Matt and I also joke that Curtis will never lack friends.  He is our social butterfly.  He has begun to invite George to join him in play.  You can hear him calling, "Georgie! Georgie, come here" from almost any room in the house. George complies, you here giggles, babbling, happiness for a moment, and then, "no, no. Georgie."  And the baby crying.  Oh well.   George can fend for himself.  He may be only 11 months old, but just yesterday, he bit both of his brothers in self defense.  Someday, those 2 will be inseparable, and that day is not far away.

Lastly, no post dedicated to the wonderful traits of my sweet middle child is complete without the mention of his desirable, coveted-by-all-mother's sleeping habits.  I hosted a baby shower on Sunday at 1pm.  Matt was supposed to take the 3 boys away.  Curtis began showing the typical two-year old signs of nap time (frequent meltdowns, outbursts and an overall utter lack of reason or self-control) at 12:30p.  I decided, fine, just put him down for the nap, worst case he wakes up with everyone here, I think 22 women can handle one toddler.  Shower happened, food, drinks, presents.  Shower ended. The four o'clock hour was just around the corner, and who strolls down the steps?  A sleepy-headed Curtis. Totally clueless to the event that just happened, except that there are bowls of M&M's out, with in reach and available for the taking.
I would never claim him to be perfect.  He IS a two year old.  While out to breakfast, I was constantly aware that one wrong move could send him into that whirlwind of toddler-like emotion, anger, sadness, and screaming.  He is LOUD.  But, thankfully, chocolate milk buys a lot of time. 
No doubt, his cheerful demeanor, and cute little voice improved many a First Watch patron's breakfast.  He did not run around, jump on booths, or do anything overly annoying.  He just seemed curious, excited, and pleased to be joining his mother, alone, for breakfast.  I truly believe he could sense this morning was something special.  And despite, blending in, losing the spotlight, and being the easy-going middle child, he too is special.

Saturday, January 12, 2013

It's no secret.

So, I post a lot of pictures.  Most of which appear as though we have three well behaved boys who will stage for almost any photo...not true. They just have a great photographer for a dad, and an extremely persistent, photo-nazi of a mom. The secret is out, take a look for yourself.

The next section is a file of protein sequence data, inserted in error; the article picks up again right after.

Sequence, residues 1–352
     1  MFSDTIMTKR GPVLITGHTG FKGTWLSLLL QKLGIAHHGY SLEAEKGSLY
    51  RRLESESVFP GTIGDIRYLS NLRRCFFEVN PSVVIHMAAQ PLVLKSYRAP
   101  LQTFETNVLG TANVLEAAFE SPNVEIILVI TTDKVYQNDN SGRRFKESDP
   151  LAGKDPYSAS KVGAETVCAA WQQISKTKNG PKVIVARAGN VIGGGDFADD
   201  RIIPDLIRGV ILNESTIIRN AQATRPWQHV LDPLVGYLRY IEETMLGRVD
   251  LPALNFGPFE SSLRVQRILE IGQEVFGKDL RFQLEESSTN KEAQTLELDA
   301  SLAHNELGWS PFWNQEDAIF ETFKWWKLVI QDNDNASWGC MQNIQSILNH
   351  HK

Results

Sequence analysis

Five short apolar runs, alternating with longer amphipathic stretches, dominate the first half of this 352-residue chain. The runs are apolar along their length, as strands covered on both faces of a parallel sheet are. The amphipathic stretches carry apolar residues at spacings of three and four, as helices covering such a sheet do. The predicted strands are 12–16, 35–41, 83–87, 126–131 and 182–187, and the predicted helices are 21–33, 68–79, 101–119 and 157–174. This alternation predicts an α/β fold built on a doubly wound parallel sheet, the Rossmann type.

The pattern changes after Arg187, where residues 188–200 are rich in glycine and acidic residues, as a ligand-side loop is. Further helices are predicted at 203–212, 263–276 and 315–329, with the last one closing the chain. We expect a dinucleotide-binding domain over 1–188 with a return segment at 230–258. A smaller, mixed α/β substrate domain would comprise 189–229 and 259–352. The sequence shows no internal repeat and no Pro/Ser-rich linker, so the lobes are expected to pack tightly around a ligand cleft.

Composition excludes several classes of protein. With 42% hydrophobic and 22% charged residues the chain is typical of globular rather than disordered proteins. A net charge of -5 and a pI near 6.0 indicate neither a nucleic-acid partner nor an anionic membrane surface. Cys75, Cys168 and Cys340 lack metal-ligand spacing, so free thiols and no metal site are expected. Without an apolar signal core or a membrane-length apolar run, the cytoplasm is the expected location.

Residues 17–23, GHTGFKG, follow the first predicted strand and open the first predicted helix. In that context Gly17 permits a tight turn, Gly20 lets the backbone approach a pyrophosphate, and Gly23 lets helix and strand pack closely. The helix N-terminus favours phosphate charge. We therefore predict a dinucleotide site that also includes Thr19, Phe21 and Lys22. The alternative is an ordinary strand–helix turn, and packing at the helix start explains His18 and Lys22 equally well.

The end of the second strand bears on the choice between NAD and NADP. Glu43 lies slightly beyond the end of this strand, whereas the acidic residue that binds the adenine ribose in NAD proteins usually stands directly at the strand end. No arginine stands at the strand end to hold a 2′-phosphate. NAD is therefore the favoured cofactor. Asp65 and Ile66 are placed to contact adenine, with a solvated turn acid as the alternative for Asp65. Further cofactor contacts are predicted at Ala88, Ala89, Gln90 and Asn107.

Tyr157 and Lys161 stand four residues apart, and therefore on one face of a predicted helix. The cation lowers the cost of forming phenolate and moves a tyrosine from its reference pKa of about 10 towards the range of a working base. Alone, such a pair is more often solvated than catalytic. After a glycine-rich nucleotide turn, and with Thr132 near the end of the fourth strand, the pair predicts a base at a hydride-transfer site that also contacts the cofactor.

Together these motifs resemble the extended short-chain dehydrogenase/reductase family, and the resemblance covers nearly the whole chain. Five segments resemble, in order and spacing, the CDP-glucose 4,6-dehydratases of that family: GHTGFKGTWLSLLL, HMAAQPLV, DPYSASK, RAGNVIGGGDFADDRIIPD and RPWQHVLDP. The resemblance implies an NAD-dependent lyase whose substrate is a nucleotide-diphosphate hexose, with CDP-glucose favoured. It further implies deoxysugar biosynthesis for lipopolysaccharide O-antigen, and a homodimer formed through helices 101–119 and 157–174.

If the above video does not work, try here:

Wednesday, January 9, 2013

And you think I am laid back?

I grew up thinking that I was helping teach my little sister how to be excellent.  Constantly, pointing out things she could do better or differently.  It aggravated me that she did not stick to a sport or musical instrument long enough to become top performer. But what I think ended up happening, is that she taught me, how to not take everything so seriously.  She called me up a week ago, to ask if Matt could get her a photo of she and Neal, and the Krieger family from the wedding.  She honestly just wanted those 2 pictures, and trusted our opinion as to which ones would be the best.  Years ago, I would have had a problem with this, but now, I know, she truly does not care. I would have had to inspect every photo.  I would have hmm'ed and hawed over 2 or 3, trying to decide which was the best.  Leah will just throw on the first 4 clothing items she finds on her floor as an outfit for the day. People will compliment the look, she might even appear fashion forward!  This took no effort on her part.  On the other hand, I stress out that I can't find an outfit, because I haven't had the time to fold and put away everything, as well as hang the long sleeves with the long sleeves, the dresses with the dresses, and all in rainbow color order.  I can almost guarantee you, that when she has kids, they will not have coordinating pajamas on Easter and Christmas morning (except that I might buy them for her).  She let her bridesmaids all where different colored, different styled dresses and shoes. She just enjoyed herself on the party bus, did not care about photo ops, or creating the perfect picture/moment. She simply enjoyed her friends and family on the most beautiful day of her life.  And to her, this day was perfect.